Instead of looking at his research as trying to add years, he emphasizes that his work aims to improve health. Whether a doctor is researching cognitive decline or aging, he says, “the goal is the same. The goal of trying to treat Alzheimer’s disease is the same (as mine)—to help people live healthier, longer lives. I think people want biomedical research to try and help accomplish that goal.
“It’s a matter of explaining it to people in a way they’ll understand,” he continues. “We’re not trying to help people live forever. One of the things that people don’t necessarily realize—the medical community has done a good job of keeping people alive longer, but it’s a little unclear as to whether people are healthier longer. Quantity of life has improved, but has quality of life?”
The goal in this case is not to help an 80-year-old live to 120, but rather to help that same 80-year-old spend a greater portion of his lifespan in good health. If he ends up getting a few more years out of it, that’s an added bonus. To Kaeberlein, the benefit to dogs is an excellent endpoint in and of itself, but it’s also only the beginning. If his research can help reduce the amount of time a senior dog spends suffering from age-related dementia or cancer or heart disease, by expanding his healthy lifespan by 20 to 30 percent, who knows how that might apply to people?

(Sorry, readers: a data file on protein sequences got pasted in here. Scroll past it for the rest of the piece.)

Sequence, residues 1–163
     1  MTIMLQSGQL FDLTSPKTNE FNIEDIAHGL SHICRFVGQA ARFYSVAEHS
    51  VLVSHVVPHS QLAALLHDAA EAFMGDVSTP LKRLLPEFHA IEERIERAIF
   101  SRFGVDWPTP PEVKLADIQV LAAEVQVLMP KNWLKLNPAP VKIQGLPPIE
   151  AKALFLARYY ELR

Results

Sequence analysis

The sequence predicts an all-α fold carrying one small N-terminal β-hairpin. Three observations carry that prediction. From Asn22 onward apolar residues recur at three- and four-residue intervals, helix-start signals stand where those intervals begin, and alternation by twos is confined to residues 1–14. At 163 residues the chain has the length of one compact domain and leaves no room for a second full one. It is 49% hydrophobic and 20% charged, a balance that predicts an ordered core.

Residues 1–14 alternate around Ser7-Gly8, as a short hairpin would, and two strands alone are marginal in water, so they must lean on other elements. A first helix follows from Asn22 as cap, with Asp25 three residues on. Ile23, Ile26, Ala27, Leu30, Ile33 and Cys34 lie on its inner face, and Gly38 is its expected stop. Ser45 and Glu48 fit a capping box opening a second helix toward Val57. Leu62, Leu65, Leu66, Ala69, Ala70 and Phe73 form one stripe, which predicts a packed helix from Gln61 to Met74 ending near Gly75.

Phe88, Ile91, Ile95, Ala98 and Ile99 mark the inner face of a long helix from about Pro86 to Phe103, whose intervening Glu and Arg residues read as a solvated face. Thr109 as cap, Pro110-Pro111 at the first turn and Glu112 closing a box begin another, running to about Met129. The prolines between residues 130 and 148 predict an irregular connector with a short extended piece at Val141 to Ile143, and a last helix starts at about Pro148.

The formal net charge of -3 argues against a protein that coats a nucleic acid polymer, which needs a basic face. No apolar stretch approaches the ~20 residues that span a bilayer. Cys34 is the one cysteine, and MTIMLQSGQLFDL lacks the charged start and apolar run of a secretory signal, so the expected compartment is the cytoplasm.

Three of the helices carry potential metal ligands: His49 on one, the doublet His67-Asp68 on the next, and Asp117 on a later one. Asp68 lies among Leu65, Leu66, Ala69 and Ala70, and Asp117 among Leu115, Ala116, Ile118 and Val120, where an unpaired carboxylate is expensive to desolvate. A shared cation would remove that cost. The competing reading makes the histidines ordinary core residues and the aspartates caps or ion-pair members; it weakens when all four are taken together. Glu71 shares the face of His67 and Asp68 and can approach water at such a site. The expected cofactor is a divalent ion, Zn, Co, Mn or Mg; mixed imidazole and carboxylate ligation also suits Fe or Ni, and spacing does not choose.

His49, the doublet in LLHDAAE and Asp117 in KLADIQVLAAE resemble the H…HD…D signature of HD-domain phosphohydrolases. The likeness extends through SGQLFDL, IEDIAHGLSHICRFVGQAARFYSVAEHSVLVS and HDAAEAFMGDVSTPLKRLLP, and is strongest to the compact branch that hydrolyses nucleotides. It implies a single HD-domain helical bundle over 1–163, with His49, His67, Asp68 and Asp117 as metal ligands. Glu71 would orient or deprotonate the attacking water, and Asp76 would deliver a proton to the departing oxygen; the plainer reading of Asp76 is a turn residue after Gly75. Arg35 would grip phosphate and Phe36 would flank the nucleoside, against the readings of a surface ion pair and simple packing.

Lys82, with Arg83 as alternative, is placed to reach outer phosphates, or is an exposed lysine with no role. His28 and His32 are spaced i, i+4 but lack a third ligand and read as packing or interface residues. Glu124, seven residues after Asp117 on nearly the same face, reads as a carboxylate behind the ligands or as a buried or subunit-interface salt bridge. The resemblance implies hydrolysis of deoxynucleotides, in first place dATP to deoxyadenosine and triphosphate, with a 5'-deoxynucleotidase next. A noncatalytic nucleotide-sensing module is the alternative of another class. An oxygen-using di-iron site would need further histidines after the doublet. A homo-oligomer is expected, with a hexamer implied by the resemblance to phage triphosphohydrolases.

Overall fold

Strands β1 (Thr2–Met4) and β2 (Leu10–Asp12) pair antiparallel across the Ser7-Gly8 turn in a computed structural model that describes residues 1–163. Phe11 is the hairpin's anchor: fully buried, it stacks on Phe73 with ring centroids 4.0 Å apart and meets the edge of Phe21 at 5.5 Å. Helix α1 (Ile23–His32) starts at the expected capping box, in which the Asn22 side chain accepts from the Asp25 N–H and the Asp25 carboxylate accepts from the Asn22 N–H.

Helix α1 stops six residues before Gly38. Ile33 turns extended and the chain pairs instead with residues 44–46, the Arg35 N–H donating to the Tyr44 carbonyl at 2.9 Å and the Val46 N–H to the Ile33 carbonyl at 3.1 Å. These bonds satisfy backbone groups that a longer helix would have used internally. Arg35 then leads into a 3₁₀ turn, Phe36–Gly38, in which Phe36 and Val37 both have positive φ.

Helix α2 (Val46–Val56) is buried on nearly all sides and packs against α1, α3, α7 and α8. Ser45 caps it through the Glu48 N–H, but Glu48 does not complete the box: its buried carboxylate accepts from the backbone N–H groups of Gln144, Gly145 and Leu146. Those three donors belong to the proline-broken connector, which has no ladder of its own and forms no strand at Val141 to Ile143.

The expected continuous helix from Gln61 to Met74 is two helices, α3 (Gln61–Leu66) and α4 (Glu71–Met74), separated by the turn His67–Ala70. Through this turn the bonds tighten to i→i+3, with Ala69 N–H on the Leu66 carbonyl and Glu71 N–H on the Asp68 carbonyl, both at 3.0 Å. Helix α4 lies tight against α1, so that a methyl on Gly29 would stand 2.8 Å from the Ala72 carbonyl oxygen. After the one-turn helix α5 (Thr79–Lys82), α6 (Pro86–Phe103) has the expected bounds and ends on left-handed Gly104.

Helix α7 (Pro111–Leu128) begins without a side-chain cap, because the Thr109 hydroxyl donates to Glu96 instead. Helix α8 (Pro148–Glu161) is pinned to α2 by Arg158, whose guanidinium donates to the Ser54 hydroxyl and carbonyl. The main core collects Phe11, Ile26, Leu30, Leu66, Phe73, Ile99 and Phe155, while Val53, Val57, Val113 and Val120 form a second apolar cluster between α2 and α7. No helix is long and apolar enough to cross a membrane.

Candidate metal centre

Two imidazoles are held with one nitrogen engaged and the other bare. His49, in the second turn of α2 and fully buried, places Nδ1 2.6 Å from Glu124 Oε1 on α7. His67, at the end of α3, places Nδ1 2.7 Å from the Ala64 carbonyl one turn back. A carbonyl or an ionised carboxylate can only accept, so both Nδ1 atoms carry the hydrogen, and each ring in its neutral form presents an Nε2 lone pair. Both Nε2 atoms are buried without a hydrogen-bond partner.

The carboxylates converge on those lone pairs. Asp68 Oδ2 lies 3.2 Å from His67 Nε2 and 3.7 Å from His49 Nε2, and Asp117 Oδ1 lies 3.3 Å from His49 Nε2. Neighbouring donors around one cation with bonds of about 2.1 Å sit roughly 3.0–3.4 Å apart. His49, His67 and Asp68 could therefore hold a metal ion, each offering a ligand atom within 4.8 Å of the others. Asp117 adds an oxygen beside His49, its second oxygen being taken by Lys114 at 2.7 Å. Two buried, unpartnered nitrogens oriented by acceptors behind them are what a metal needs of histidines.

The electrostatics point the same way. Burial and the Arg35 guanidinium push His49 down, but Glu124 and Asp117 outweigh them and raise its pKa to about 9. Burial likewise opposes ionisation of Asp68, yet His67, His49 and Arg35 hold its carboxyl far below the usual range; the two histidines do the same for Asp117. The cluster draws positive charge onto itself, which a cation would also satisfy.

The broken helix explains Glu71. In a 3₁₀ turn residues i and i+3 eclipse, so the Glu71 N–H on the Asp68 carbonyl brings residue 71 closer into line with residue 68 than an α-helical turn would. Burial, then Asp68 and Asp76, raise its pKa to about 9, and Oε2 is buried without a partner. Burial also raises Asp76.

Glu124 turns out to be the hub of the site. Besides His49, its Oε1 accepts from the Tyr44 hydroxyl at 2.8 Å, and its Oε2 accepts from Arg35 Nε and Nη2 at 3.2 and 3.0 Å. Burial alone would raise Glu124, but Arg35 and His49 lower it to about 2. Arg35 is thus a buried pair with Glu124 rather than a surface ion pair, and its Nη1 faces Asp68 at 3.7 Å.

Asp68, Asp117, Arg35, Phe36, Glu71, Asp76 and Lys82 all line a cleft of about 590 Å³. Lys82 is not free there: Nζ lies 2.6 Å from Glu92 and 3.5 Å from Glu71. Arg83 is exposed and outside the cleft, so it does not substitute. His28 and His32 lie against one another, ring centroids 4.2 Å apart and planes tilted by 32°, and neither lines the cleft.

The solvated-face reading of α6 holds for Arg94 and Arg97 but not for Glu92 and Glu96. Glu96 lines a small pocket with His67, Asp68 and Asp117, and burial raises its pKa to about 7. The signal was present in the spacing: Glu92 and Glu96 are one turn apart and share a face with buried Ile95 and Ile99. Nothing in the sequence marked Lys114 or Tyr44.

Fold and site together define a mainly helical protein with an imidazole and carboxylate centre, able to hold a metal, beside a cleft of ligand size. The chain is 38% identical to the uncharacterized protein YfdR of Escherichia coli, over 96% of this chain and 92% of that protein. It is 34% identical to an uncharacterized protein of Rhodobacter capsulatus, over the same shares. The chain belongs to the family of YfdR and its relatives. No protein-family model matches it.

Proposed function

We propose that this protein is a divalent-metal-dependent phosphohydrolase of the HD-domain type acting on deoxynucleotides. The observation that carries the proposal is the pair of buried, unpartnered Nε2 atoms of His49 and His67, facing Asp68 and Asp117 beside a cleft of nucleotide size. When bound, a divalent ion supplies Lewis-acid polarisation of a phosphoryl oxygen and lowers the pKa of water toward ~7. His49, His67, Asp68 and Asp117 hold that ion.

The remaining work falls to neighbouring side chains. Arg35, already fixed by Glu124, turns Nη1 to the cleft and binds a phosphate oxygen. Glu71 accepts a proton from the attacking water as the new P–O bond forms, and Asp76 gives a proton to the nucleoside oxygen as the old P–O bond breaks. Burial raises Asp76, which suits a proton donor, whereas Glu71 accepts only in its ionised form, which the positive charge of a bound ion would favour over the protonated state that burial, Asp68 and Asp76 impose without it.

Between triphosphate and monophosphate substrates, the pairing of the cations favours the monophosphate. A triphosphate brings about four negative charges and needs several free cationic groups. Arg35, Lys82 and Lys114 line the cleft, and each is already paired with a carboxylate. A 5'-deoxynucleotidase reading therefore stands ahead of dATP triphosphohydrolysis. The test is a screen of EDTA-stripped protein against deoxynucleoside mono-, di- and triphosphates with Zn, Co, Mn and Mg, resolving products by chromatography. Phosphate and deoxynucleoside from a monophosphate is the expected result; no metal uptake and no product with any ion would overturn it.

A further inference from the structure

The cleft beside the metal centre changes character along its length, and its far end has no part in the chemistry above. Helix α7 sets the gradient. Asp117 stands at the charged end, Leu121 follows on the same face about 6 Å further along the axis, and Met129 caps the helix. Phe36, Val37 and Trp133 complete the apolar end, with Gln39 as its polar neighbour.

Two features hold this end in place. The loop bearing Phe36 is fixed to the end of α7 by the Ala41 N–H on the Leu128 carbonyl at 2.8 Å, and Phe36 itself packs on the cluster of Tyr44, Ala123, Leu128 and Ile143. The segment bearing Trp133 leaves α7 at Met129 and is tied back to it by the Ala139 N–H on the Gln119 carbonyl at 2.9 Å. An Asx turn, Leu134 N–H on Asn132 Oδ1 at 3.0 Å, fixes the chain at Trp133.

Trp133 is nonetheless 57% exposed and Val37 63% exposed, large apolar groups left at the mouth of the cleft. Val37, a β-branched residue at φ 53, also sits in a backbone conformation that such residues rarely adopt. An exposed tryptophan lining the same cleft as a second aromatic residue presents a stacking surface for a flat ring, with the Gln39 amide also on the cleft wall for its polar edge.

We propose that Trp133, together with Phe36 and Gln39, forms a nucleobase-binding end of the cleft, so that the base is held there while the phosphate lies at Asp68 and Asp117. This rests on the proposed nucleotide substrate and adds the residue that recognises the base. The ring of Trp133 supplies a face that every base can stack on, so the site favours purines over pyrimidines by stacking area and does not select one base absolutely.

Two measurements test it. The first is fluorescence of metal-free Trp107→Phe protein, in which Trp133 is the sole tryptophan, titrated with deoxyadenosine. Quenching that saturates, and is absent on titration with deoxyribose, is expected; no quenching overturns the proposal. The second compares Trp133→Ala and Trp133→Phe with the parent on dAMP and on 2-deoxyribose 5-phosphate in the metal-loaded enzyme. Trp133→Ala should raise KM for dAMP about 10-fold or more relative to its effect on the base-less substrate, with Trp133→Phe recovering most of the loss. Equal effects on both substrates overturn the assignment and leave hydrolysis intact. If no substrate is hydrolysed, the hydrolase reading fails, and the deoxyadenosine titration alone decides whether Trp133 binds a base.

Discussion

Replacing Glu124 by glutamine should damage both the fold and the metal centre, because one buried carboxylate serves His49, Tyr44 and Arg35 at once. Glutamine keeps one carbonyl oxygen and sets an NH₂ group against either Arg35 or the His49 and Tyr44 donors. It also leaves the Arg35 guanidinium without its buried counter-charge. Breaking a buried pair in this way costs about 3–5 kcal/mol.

Some of the misconceptions Kaeberlein faces are long-rooted, but he’s optimistic people will be able to differentiate what he’s doing from some of the less evidence-based “anti-aging” products out there in the world. “It is frustrating, but I recognize this has been going on forever. People will always try to sell people on miracle cures,” he says. “The bigger challenge is that so much of the (research) funding has gone to these disease-specific projects. It’s only been in the last five to 10 years that we have potential translational approaches. There’s a momentum shift that is occurring.”
In the canine world, it already has. After a piece about the Dog Aging Research Project ran in the New York Times in May, a good number of letters to the editor said they would not want to take a drug such as rapamycin, even if it adds years to their life. But, they added, they’d gladly give it to their dog.